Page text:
S1/2006Y Building accidents in the late winter of 2006
Several incidents of roof and ceiling damage occurred in Finland in the late winter of 2006, within a relatively short period, and primarily in hall-like buildings with a potentially large number of people indoors. The most serious incident occurred in Haapajärvi on 8 April 2006, where approximately 350 m2 of supermarket roof and ceiling collapsed during the store’s opening hours. In addition, the collapse of a riding hall in Veteli the next day had the potential to cause serious personal injury, but took place at night when nobody was present. Other cases of damage chosen for accident investigation were more minor. They occurred in Pihtipudas on 20 March and 2 April, in Laukaa on 3 April, in Karjaa on 5 April, in Keitele on 7 April, in Jyväskylä on 8 April and in Joensuu on 15 April.
None of the investigated cases resulted in personal injury. Rescue staff or units visited all of the accident scenes. The incidents posed no challenge to rescue operations, since the operations mainly comprised the determination of the situation and prevention of any further damage. For instance, the prevention of further damage comprised the removal of snow, with supporting structures remaining standing, and the isolation of the affected area.
The immediate technical causes of the incidents were divergent. In Haapajärvi and Veteli, the support of long trussed rafters was insufficient, and in Veteli, the entire horizontal stiffening of the building was defective. In Pihtipudas, the plywood joints of locally made trusses failed. In Laukaa, as the glued laminated beams dried and shrank, they became supported by screws only on the upper edges, and due to the heavy load of snow, fell back into place. In Karjaa, the defects were due to the method of fastening prefabricated sandwich elements of the façade. In Keitele, the glued laminated beam originated from the 1950s and the old gluing of the beam failed. In Jyväskylä, snow gliding down the arched roof formed a snowdrift, pressing in the corrugated sheet steel of the roof, whereas in Joensuu, the roof outlet had become blocked and the corrugated sheet steel failed due to melt water accumulating near the outlet.
A common denominator in all cases except one was that all buildings were designed and built while the old Building Act was effective, and structural safety development measures undertaken in the last few years did not apply to them. Inspections of existing buildings, performed in 2004, did not involve the buildings investigated. In most cases, the defects of the buildings could have been identified by expert inspectors. The current problem with existing buildings is that if defects with an impact on safety have not been identified during construction, they will often not be identified at all until the structures are damaged.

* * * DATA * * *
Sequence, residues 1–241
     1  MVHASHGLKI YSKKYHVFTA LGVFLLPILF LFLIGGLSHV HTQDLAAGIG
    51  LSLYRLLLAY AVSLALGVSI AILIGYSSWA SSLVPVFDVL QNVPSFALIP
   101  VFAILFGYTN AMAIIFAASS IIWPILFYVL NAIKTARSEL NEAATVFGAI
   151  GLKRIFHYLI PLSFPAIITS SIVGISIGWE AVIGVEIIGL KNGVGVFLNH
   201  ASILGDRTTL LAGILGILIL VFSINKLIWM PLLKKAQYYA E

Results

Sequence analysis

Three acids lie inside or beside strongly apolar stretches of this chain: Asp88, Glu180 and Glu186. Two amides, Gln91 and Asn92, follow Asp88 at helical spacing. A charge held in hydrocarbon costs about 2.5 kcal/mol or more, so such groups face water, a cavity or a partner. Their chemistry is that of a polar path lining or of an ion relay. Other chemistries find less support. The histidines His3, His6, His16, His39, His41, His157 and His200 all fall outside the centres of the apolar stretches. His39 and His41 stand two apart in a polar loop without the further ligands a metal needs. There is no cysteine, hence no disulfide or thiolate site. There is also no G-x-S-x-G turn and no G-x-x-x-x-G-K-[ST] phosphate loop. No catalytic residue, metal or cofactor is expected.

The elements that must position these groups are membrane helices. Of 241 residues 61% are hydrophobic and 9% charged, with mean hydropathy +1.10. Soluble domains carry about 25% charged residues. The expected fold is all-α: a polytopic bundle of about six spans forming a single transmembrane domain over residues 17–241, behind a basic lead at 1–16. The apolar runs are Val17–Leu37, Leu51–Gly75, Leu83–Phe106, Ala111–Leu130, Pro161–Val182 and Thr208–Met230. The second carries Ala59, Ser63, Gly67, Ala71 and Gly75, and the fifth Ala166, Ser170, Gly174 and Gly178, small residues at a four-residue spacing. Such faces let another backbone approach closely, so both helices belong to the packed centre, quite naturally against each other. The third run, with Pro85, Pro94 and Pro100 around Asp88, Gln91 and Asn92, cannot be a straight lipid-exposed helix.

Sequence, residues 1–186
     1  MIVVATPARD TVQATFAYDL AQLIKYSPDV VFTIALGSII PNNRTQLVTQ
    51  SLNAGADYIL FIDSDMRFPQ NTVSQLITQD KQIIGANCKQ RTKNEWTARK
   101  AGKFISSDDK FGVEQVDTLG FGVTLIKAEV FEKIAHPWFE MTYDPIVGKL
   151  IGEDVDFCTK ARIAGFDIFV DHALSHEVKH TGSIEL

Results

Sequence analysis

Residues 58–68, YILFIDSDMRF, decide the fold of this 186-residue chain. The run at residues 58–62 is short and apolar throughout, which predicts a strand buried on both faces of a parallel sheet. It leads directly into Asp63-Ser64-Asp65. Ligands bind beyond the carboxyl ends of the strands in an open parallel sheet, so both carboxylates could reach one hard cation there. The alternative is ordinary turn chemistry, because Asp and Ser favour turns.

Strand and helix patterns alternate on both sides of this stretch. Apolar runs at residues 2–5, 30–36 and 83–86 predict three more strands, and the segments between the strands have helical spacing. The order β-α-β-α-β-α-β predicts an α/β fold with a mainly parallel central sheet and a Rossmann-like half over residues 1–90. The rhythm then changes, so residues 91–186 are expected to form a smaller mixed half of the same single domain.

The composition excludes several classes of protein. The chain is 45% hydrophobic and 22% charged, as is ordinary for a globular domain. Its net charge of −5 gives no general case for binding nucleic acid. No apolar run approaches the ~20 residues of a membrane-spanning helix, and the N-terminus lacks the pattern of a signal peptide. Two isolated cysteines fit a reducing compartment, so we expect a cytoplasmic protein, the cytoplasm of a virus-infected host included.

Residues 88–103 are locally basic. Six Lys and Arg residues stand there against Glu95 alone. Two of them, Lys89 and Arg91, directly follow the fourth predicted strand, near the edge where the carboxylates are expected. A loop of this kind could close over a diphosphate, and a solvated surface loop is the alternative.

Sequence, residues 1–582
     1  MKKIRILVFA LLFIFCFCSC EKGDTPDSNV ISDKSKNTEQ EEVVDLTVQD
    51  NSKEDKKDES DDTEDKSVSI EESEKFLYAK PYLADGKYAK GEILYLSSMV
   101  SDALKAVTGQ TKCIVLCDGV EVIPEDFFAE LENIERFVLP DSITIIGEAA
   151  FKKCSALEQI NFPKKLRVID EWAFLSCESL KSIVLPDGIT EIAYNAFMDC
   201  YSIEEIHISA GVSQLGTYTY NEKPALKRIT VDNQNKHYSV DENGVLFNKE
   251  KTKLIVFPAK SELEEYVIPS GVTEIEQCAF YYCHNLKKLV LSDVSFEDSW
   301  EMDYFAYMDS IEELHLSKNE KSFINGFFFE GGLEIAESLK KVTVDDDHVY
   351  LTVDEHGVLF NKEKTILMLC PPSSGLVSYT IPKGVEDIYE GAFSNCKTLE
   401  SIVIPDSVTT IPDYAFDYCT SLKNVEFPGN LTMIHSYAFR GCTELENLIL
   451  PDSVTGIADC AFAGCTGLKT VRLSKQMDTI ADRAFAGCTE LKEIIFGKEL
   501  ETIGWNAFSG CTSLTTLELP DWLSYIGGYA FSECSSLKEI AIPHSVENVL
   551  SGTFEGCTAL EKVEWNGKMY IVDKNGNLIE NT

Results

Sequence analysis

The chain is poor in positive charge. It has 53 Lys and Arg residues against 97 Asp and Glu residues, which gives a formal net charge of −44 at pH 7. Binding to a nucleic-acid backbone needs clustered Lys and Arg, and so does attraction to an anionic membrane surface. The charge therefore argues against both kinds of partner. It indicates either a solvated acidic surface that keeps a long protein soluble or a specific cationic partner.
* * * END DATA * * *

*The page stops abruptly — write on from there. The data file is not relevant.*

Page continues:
In order to avoid damage similar to the incidents investigated, the investigation commission recommends that an inspection procedure be established for buildings, with its main focus on structural safety. Moreover, the investigation commission recommends that municipal building supervision authorities should be pooled into larger entities, in a manner similar to rescue operations, so that each regional building supervision authority would have adequate special expertise for the supervision and monitoring of various kinds of buildings and structures. In order to manage the overall safety of buildings, the investigation commission recommends more comprehensive co-operation between building supervision, industrial safety and the rescue authorities. As regards buildings constructed using trussed rafters, the commission recommends that buildings with trussed rafters of a span of over 15 metres be defined in the National Building Code in category AA instead of category A, which would place stricter requirements on the designer’s education and qualifications.